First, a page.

Monday, June 14, 2021

The Excitement of Augmented Reality - The Joy of a Four Year Old

This past weekend we took our daughters to Living Shores Aquarium in Glen, New Hampshire. We all enjoyed learning about marine life and watching the otters play. My youngest daughter especially loved the touch tank in which little fish nibbled on her hand. My oldest daughter didn't like the touch tank as much as her sister, but she did find something she really enjoyed. That thing was a coloring station where she could color sea animals then see her drawings come to life on screen through the use of augmented reality. She ended up making seven drawings which filled the screen with seahorses, turtles, and fish that she colored. Each time her drawing came to life on the screen she jumped for joy! 

The technology that was in use at the aquarium was very similar to that found in QuiverVision. The concept of QuiverVision is that kids complete coloring sheets that become augmented reality objects when they are scanned with the QuiverVision iOS or Android app. 

Applications for Education
QuiverVision has been around for five or six years at this point. In fact, I mentioned it in this 2019 article about five directions for augmented reality in education. I was never particularly enthusiastic about it because at the end of the day it is still just a fancy coloring activity. That changed when I saw how excited my four year old daughter got about seeing her coloring pages come to life. It got her excited to learn more about marine animals. That excitement to learn more about something new is perhaps the best reason to try something like QuiverVision with students.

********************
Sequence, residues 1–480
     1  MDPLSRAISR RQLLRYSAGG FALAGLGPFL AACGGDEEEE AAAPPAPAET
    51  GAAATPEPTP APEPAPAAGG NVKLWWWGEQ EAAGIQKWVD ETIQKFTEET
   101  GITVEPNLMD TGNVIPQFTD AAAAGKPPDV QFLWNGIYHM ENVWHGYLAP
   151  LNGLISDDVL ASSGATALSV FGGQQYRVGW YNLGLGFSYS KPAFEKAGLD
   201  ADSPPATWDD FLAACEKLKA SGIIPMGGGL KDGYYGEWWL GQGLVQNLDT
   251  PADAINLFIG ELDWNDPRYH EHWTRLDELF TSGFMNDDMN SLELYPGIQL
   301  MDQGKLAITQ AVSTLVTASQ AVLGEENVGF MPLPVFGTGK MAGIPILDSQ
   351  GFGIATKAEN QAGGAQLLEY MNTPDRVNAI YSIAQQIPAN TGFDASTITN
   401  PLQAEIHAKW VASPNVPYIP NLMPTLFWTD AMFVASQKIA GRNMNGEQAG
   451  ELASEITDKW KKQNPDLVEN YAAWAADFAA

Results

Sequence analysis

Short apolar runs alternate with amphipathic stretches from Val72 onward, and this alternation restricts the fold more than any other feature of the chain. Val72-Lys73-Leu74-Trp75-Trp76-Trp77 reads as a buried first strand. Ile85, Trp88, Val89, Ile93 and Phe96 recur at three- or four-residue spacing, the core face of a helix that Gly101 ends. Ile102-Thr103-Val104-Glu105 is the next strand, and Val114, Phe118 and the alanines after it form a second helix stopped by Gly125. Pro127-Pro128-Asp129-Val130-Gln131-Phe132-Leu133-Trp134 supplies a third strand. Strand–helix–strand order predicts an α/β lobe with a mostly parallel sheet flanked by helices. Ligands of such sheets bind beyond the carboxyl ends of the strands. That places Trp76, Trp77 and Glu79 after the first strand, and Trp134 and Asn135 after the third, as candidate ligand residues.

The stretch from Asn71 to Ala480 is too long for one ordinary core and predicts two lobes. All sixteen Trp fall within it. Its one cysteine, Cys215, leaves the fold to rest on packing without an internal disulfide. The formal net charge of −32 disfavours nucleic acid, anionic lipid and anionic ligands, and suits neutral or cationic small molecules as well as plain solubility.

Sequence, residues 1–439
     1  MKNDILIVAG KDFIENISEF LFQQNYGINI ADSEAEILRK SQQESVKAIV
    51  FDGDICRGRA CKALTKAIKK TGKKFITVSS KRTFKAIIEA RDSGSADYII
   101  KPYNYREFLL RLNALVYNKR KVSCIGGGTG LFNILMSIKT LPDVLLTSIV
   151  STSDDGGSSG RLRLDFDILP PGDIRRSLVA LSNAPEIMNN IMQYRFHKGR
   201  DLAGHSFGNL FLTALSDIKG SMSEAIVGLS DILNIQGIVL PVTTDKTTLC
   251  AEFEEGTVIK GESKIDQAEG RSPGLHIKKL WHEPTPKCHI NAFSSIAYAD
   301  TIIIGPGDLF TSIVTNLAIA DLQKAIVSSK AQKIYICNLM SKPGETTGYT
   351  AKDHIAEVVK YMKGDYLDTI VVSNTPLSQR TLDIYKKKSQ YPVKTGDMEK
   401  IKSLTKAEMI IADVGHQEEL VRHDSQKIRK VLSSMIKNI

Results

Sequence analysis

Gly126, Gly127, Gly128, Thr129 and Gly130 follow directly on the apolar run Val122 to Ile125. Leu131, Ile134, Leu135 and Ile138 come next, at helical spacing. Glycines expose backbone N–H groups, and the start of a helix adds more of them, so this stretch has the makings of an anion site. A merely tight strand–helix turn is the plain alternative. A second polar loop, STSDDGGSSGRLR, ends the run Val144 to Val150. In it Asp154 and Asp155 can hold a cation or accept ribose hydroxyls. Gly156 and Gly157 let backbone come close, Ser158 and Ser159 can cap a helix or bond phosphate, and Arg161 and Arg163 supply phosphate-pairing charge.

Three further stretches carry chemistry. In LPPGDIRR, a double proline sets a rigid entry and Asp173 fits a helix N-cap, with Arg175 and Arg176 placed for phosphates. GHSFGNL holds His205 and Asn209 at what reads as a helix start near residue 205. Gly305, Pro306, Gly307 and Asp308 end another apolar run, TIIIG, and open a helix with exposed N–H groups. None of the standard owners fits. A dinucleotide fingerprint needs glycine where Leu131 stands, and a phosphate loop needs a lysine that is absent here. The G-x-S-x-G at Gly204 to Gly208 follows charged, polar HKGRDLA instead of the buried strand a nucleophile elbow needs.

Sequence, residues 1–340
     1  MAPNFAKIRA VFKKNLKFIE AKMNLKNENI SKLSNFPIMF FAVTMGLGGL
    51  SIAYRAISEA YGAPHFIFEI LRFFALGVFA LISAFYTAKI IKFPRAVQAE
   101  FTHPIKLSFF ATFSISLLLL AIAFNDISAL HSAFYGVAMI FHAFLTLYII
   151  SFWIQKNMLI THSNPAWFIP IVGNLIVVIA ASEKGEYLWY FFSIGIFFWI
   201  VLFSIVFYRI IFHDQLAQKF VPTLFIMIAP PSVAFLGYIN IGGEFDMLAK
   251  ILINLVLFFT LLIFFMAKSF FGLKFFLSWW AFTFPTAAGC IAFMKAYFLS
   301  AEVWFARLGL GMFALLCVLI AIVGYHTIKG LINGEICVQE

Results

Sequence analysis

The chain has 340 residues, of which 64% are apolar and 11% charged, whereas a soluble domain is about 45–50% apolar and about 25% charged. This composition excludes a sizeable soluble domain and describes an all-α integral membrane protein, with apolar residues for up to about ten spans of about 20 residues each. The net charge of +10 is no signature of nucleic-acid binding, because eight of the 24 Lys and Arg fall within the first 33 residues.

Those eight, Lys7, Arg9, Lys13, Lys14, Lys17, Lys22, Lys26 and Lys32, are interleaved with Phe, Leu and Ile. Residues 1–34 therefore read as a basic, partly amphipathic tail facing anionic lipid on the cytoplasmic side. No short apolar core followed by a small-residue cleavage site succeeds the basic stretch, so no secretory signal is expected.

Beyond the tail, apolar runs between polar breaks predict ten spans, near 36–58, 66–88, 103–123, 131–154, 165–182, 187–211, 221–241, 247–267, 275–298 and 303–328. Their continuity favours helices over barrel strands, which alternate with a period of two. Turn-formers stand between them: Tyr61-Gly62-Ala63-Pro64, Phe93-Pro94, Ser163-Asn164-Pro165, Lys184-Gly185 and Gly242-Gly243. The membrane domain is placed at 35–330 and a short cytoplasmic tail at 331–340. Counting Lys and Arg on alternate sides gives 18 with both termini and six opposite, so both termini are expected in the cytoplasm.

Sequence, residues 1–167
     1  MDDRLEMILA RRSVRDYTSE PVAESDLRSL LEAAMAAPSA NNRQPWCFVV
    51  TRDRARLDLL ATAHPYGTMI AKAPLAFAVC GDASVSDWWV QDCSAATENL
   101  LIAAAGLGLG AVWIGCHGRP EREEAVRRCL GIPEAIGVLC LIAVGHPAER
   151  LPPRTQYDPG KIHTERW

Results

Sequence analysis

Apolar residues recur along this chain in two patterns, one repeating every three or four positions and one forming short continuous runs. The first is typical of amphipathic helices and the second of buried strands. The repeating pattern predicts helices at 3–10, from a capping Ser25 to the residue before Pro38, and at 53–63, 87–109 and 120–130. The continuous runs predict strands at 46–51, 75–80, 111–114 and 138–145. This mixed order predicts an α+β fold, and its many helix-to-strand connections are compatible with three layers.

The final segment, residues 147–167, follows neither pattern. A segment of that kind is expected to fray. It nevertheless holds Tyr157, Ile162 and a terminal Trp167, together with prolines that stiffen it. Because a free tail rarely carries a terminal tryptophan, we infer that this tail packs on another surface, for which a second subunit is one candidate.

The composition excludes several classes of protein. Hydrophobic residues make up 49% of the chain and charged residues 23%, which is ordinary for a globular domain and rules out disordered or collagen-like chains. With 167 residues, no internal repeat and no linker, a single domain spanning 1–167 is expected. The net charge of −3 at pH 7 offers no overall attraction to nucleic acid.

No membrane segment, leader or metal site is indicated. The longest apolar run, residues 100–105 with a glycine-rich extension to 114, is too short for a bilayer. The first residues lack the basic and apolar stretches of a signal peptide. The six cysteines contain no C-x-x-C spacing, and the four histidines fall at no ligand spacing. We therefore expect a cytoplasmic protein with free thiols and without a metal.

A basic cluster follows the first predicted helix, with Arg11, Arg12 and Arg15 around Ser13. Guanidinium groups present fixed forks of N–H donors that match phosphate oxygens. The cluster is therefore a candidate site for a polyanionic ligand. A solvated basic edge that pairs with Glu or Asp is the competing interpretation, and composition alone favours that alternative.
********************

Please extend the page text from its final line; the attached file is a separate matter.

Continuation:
Thanks to my awesome partner, Jess, for the pictures in this post.

There, Their, They're - Reminders for Myself and My Students

On Sunday morning I was writing in a bit of a hurry and failed to notice a mistake in the title of my post about using the netstat command to see the connections a computer is making to external sites and devices. The mistake I made (I've since corrected it) was to use "they're" when I should have used "their." I know the difference and have taught the difference to students for as long as I can remember. That said, my mistake presented a good opportunity to dig up some short video lessons about the differences between "there," "their," and "they're" and when to use each one. 

Free School offers this short, to-the-point explanation of homophones. The video isn't going to win any awards for creativity, but it is effective in its delivery of the rules for using their, they're, and there. 



GCF Learn Free offers this 90 second video explanation of when to use there, they're, and their. The video uses little GI Joe characters to explain the correct use of each word. Judging by the YouTube comments below the video most people like the approach of the video but some don't like the use a military theme for the video.

Making videos about homophones can be a good way for students to learn and remember how to use them. On Next Vista for Learning you'll find this student-produced video explanation of the differences between their, there, and they're.



This post originally appeared on FreeTech4Teachers.com. If you see it elsewhere, it has been used without permission. Sites that steal my (Richard Byrne's) work include CloudComputin and WayBetterSite. Featured image captured by Richard Byrne.

Sunday, June 13, 2021

A Neat Way for Students to See What Their Computers Are Connecting To

Knowing just a few commands to use in the command terminal can be quite helpful in diagnosing problems with your computer and or the network that your computer is using. (Bonus, it's an easy way to make yourself look "super techy" in front of non-techy friends). One of those helpful commands is the Netstat command.